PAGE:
Foetal surgery for kids with spina bifida

A landmark study shows that an operation to fix a hole in the spine while the foetus is still in the womb leads to better outcomes for children with spina bifida.

The operation showed such a clear benefit over waiting until the infant is born that the study was stopped early.

"This is the first hope for spina bifida foetuses," said lead researcher Dr Scott Adzick of Children's Hospital of Philadelphia, one of three places that participated in the study.

Doctors started experimenting with foetal surgery for spina bifida in the mid-1990s, cutting into the mother's abdomen and uterus to close the gap in the spine. It even became part of the abortion debate when a photo of a tiny hand poking out of a womb during surgery was published.

The government-funded study showed that babies who have the operation in the womb were more likely to walk without help and less likely to need a tube to drain fluid build-up in the brain.

Many risks involved

Foetal surgery did come with some risks, however, including a higher chance of being born premature and complications for the mother.

Spina bifida –which means split spine, happens when the spine doesn't develop properly. In the most severe cases, the spinal cord sticks out through an opening in the spine. Children often are paralysed or have weakness below the waist and many need crutches or a wheelchair.

They also suffer from incontinence and fluid build-up in the brain.

Cases in the US have dropped to 1,500 a year since 1998, when the government ordered that foods like cereals, breads and pasta be fortified with folic acid, which reduces the risk of the spinal defect.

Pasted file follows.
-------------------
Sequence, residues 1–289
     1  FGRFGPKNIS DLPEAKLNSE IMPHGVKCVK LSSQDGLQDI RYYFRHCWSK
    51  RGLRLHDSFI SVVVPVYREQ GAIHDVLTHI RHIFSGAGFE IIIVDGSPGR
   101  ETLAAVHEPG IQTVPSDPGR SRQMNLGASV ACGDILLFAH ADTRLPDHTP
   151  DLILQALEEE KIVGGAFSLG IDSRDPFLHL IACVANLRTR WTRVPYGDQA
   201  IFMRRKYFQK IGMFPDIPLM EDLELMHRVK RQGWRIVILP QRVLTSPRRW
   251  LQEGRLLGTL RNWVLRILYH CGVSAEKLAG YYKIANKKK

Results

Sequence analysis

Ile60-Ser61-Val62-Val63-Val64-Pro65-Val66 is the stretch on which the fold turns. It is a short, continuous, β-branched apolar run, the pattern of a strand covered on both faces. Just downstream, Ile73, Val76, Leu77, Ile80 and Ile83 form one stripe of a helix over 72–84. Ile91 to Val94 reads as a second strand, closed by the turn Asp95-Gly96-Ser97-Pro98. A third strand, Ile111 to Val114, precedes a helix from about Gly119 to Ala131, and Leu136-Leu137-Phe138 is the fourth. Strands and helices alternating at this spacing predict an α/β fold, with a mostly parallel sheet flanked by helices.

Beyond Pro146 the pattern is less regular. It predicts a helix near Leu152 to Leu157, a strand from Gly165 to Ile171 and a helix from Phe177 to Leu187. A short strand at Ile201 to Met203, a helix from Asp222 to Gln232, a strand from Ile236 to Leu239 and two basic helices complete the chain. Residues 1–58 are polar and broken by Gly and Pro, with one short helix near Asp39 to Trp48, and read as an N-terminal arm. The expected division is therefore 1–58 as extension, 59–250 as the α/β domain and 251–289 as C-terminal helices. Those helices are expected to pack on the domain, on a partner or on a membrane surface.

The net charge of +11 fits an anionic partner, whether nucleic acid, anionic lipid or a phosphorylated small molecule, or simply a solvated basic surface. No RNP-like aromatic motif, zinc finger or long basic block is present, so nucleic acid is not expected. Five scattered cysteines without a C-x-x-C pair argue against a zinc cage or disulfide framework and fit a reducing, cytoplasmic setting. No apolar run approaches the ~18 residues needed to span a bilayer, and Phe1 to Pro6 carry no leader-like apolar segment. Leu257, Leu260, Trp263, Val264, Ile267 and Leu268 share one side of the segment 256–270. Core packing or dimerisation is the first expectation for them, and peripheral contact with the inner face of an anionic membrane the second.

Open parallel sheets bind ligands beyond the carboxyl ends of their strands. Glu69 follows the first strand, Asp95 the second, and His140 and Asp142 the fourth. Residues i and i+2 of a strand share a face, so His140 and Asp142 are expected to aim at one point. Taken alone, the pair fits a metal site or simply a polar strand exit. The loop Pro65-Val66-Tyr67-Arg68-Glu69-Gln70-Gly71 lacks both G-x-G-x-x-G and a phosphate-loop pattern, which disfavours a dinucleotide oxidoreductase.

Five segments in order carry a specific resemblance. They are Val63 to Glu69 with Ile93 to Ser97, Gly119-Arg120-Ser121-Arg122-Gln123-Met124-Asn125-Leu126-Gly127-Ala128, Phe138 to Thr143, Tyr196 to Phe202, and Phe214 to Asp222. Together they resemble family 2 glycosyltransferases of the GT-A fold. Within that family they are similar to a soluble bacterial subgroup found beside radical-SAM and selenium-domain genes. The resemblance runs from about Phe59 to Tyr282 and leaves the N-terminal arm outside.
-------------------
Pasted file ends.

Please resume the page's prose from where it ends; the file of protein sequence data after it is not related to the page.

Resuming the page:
Though spina bifida is usually diagnosed before birth, the operation is typically done days after delivery. Quick surgery can prevent further harm, but cannot reverse the nerve damage that has already occurred.

Controversial surgery

When foetal surgery for spina bifida was first tried, it was controversial because operations in the womb were typically done for life-threatening problems.

There was also no long-term research on the safety of the surgery. The operation even got caught up in the abortion debate when abortion opponents seized on a photo taken during surgery on a 21-week-old foetus at Vanderbilt University.

By the end of 2002, more than 230 spina bifida operations had been done, but some doctors remained skeptical.

So the National Institutes of Health launched a big study that year at Vanderbilt, the Philadelphia hospital and the University of California, San Francisco. Other hospitals agreed not to do the surgery while the research was under way.

The researchers, whose findings were published online in the New England Journal of Medicine, studied 158 babies who had the surgery either in the womb or after delivery. The foetal surgery was done between 19 and 25 weeks of gestation.

By the time they turned a year old, 40% in the foetal surgery group needed a drainage tube, or shunt, in the brain, compared with 82% in the standard surgery group. The foetal surgery group scored higher on combined tests of mental development and motor skills at 2½ years, though there was no difference in cognitive function alone.

Of the toddlers in the foetal surgery group, 42% could walk without crutches or other support versus 21% in the other group.

Two children died within days of the foetal surgery; two children who had the fix after birth and had shunts died later.

Not all patients helped

"Not all the patients were helped here, and there are significant risks," said paediatric surgeon Dr. Diana Farmer of UC San Francisco. "So this procedure is not for everyone."

For safety reasons, the study did not include obese women, even though they have higher rates of foetuses with spina bifida.

Since foetal surgery is highly specialised, some experts said that the results may not be as good in hospitals with little experience and that more work is needed to better determine who will benefit most.

"Caution is necessary here," Dr Joe Simpson of Florida International University and Dr Michael Greene of Massachusetts General Hospital wrote in an editorial.

(Sapa, February 2011)

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